Michael Jackson: The Peter Pan of Pop

For nearly 14 years Jackson has been making his own breathless brand of show-business history. He first burst into view in 1969, as the 10-year-old dancing dynamo who dipped, spun and sang for the Jackson 5, a quintet of buoyant young brothers. Over the next decade he helped sell more than 90 million records, both with that group and as a solo artist. Heir to a great tradition of black stagecraft, he has become a whirling dervish of the modern recording studio. In 1979 he helped bring black music into the '80s with "Off the Wall," a luminous set of high-tech dance hits, including four Top 10 singles—the most from any one album by any solo performer in the history of recorded music.

Supercharged: Now, at 24, Jackson seems poised for another surge. He wrote and produced Diana Ross's recent Top 10 hit, "Muscles." He narrated and sang a song for the storybook album of "E.T. The Extra-Terrestrial." And for "Thriller," his long-awaited sequel to "Off the Wall," he has fashioned a supercharged pop classic for the '80s—flashy, futuristic, floridly upbeat.

Despite his showy style, Michael Jackson remains something of an enignia. Onstage in one of his sequined jump suits, he's a flamboyant picture of grace, a sleek jaguar ready to pounce. In photographs he's a creature of sweet sensuality, beguiling, angelic, androgynous. In person, though, he's quiet and reserved, a gangling young man of cagey reticence, with a childlike aura of wonder.

He lives with his mother and two younger sisters in a Tudor-style estate in the San fernando Valley. On the grounds he keeps a small menagerie that includes a llama named Louis, a boa constrictor named Muscles and a sheep named Mr. Tibbs. "I think they're sweet," says Michael in his willowy whisper of a voice. "I like to pry into their world and watch the way they move about. I just stare at them." He is equally fascinated by the world of children: "When I'm upset about a recording session, I'll dash off on my bike and ride to the schoolyard, just to be around them. When I come back to the studio, I'm ready to move mountains. Kids do that to me. It's like magic."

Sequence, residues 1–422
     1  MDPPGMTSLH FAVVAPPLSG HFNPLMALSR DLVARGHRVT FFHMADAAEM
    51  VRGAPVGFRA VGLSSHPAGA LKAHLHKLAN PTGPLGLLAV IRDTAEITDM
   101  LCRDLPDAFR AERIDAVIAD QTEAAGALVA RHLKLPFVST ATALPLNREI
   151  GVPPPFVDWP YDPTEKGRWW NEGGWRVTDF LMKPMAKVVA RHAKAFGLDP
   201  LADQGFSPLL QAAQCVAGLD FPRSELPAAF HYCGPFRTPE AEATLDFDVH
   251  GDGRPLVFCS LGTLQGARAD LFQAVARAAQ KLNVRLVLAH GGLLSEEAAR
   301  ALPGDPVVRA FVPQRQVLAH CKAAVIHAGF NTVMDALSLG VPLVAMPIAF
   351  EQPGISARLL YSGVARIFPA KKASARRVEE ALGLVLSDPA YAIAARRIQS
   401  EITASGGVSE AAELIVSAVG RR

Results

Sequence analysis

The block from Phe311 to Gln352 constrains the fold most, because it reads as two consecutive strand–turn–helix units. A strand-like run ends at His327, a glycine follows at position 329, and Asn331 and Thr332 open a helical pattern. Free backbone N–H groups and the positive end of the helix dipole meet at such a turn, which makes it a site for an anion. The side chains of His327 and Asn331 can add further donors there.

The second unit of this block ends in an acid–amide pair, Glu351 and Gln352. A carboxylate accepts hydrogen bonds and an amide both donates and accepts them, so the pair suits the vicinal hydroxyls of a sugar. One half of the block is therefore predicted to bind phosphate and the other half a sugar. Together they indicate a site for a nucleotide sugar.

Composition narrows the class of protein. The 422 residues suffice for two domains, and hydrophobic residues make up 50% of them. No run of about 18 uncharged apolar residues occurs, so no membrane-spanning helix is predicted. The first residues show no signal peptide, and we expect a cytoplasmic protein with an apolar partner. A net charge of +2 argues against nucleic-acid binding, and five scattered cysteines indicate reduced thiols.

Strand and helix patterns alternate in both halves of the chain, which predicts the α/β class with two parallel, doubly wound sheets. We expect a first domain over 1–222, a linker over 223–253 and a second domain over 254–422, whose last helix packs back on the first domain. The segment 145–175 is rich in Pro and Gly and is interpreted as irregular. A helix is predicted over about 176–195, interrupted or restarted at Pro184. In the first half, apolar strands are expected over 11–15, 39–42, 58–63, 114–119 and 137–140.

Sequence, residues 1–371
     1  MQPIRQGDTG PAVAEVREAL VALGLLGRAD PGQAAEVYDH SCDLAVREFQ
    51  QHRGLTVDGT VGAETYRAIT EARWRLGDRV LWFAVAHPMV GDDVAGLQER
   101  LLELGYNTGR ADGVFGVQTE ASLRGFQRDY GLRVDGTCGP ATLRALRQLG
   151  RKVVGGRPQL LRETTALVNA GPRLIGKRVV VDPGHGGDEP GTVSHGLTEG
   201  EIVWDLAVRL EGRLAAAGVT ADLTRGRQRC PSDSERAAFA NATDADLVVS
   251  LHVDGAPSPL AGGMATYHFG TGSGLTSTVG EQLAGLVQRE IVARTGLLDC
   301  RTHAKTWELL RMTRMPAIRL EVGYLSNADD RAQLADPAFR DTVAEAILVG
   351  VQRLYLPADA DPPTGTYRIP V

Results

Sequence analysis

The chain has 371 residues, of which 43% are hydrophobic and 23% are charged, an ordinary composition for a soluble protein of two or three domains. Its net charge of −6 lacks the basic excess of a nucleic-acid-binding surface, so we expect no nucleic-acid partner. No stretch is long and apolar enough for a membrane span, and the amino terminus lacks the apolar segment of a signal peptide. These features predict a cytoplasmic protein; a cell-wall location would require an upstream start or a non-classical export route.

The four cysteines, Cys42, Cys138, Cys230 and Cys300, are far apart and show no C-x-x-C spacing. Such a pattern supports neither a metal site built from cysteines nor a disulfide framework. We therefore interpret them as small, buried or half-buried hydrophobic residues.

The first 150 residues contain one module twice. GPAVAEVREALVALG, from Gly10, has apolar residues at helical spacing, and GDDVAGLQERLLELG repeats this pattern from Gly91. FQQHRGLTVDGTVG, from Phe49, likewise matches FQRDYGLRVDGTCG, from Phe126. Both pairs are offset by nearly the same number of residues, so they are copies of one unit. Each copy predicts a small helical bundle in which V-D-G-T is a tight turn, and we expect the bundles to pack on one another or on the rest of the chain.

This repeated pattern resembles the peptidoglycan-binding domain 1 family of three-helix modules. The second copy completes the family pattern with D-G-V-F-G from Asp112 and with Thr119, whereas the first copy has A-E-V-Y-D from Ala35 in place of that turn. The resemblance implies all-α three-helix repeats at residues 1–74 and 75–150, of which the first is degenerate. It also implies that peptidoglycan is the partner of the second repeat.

Magic is the key. It's a word that Jackson uses with disarming frequency, as if to conjure up a never-never land of constant enchantment. Beethoven, Rembrandt, Charlie Chaplin—all these things to him are magic. It was certainly magic when he met E.T.: "He grabbed me, he put his arms around me. He was so real that I was talking to him. I kissed him before I left." And the magic doesn't stop there: "I have dreams to this day about flying," he says, explaining his love for Steven Spielberg's airborne Extraterrestrial. He pauses and leans forward: "We can fly, you know. We just don't now how to think the right thoughts and levitate ourselves off the ground."

Michael Jackson as Peter Pan? The notion sounds ridiculous—until you consider Michael's point of view. His saga has the flavor of a modern-day fairy tale.

Growing up in the dingy ghetto of Gary, Ind., the fifth child in a family of eight, he virtually stepped from his crib to the stage. He was coached by his father, a crane operator who had once played with the Falcons, an early rock band. "There was a big baseball park behind our house," recalls Michael. "You could hear the cheers of the crowd. But I never had any desire to play baseball. I would be inside working, rehearsing." At the age of five he played his first paying gig with the Jackson 5. "When we sang, people would throw all this money on the floor," says Michael—"tons of dollars, 10s, 20s, lots of change. I remember my pockets being so full of money that I couldn't keep my pants up. I'd wear a real tight belt. And I'd buy candy like crazy."